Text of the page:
The sale of the Chicago Sun-Times to the owner of public radio station WBEZ is not your typical transfer of a corporate asset.
In the view of a consultant in the deal, it’s more like “a marriage with a dowry.”
That’s the opinion of Jim Friedlich, executive director and CEO of the Lenfest Institute for Journalism. In the Sun-Times sale, he was an adviser to the WBEZ parent, Chicago Public Media, and its CEO, Matt Moog.
Friedlich has apt credentials for the role. His institute is a nonprofit that owns the Philadelphia Inquirer, a for-profit subsidiary. In the Sun-Times sale, the paper will convert to nonprofit operations, ending its ability to endorse political candidates. Executives of the Sun-Times and WBEZ said that despite that restriction, the sale will improve both organizations’ abilities to deliver insightful news coverage.
The sale to Chicago Public Media involves no cash paid to Sun-Times investors. On the contrary, principal Sun-Times owner Michael Sacks has pledged an unspecified sum for ongoing support. Also, the John D. and Catherine T. MacArthur Foundation and the Pritzker Traubert Foundation are early funders in the deal.
“The Sun-Times is being donated to Chicago Public Media to form a larger, local news powerhouse. This is a marriage with a dowry, including Michael Sacks contributing both the Sun-Times and additional funds to help it succeed,” Friedlich said Wednesday in an email. “The conversion of the Sun-Times to nonprofit ownership has also provided the combined business access to significant new financial backing from major Chicago foundations in support of this transaction and more robust local news in the region. This approach has worked well in Philadelphia and is off to a promising start in Chicago.”
The terms indicate the Sun-Times continues to lose money, although executives said the deficits have narrowed and that, with no debt, the company’s financial condition is better than it’s been in years. Sacks has declined to discuss his financial pledge.
Concerning the Sun-Times’ operations under the new arrangement, Friedlich said, “Chicago Public Media has chosen, I think wisely, to convert the Sun-Times fully to a nonprofit. This makes it easier to raise money from both foundations and the public, and it is very much in keeping with their public media heritage. It’s true that nonprofits cannot endorse political candidates, but they can provide a critical public forum or soap box for candidates, issues and advocacy.”
Rick Edmonds, media analyst at the Poynter Institute for Media Studies, said the Sun-Times deal will be followed closely in other cities that have seen their own legacy newspapers decline or disappear. Many foundation-backed digital news sites have sprung up in their wake, often with a hyperlocal or single-topic emphasis.
But there have been no permanent answers for a new financial model in for-profit journalism that replaces a steady revenue loss from circulation and advertising, dollars that have migrated to internet giants such as Google, Facebook and Amazon.
Edmonds said the prohibition on political endorsements by nonprofit media outlets is clear. To keep their tax-free status, nonprofits have to avoid overt partisan stances or activity.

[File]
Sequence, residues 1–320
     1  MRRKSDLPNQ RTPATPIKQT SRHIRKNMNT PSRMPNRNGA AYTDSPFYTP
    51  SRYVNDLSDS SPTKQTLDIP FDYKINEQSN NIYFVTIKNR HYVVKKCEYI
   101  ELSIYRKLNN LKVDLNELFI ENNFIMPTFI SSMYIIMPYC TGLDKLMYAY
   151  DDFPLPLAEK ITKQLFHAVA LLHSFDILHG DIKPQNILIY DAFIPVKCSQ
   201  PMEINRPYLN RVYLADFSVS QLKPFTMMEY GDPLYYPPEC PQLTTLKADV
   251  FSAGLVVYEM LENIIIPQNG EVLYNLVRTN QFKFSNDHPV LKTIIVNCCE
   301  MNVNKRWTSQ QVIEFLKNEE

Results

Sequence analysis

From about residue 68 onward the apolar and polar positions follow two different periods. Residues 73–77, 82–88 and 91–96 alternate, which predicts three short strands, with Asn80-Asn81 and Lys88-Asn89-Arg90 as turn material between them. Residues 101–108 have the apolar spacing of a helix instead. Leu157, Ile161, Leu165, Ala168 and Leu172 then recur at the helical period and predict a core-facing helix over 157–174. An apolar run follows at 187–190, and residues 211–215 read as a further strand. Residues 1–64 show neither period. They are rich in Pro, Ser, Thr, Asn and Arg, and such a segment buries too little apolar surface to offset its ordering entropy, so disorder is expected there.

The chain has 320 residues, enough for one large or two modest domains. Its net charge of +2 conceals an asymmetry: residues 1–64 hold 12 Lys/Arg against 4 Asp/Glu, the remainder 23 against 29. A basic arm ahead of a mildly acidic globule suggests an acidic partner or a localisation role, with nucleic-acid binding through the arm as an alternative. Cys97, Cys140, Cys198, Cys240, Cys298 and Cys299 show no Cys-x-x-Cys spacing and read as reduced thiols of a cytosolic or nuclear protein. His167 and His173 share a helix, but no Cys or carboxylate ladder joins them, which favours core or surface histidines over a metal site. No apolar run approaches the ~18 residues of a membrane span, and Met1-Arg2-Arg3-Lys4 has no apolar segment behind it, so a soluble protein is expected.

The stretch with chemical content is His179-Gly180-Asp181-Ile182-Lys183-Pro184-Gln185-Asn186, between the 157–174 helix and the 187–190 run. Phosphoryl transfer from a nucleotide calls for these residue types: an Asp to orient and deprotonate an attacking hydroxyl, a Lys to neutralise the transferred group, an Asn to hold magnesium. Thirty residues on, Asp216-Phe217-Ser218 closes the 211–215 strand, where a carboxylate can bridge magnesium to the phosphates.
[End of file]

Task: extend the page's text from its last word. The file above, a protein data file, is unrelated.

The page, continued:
He said the Salt Lake Tribune, apparently the largest U.S. newspaper currently a nonprofit, observes that rule. But the for-profit Philadelphia Inquirer and Tampa Bay Times, owned by nonprofits, can continue endorsements. The Poynter Institute owns the Tampa Bay paper.
Some traditional newspapers are dropping endorsements as a relic of the past, Edmonds said, while others believe the practice still offers a community service. The Sun-Times stopped endorsing several years ago but brought them back.
Aside from that issue, executives in the Sun-Times-WBEZ deal foresaw no jarring changes to operations when announcing it Tuesday. Moog and Nykia Wright, CEO of the Sun-Times, said they expect no layoffs. Wright will report to Moog once the deal closes, expected by the end of the month.
Moog said there will be funds to expand the combined staffs, currently at about 300 people. He offered specifics in an interview with WBEZ, saying, “We expect to have 50 open positions between the two organizations at the moment that we combine so we are in the position of looking to hire additional people across the organization.”
There are no plans to bring Sun-Times employees into the WBEZ offices and studios at Navy Pier, Moog said. “We just don’t have the room,” he said. The Sun-Times has offices at 30 N. Racine Ave., but they have been largely unoccupied during the pandemic. With many employees adapting to remote work, the paper could seek smaller accommodations elsewhere.
Those are small details in the larger matter of a combination that some believe will strengthen two news organizations with traditions of investigative and analytical coverage.
“We are unabashedly bullish on the combination of these two news enterprises for the benefit of local news and information in Chicago,” Friedlich said. “The city’s newsrooms have been gutted over the years by hedge funds, out-of-town owners, the secular decline of print and a failure to invest in the digital transformation of local news products.”
He called the sale “a model for other public media and local newspapers to emulate.”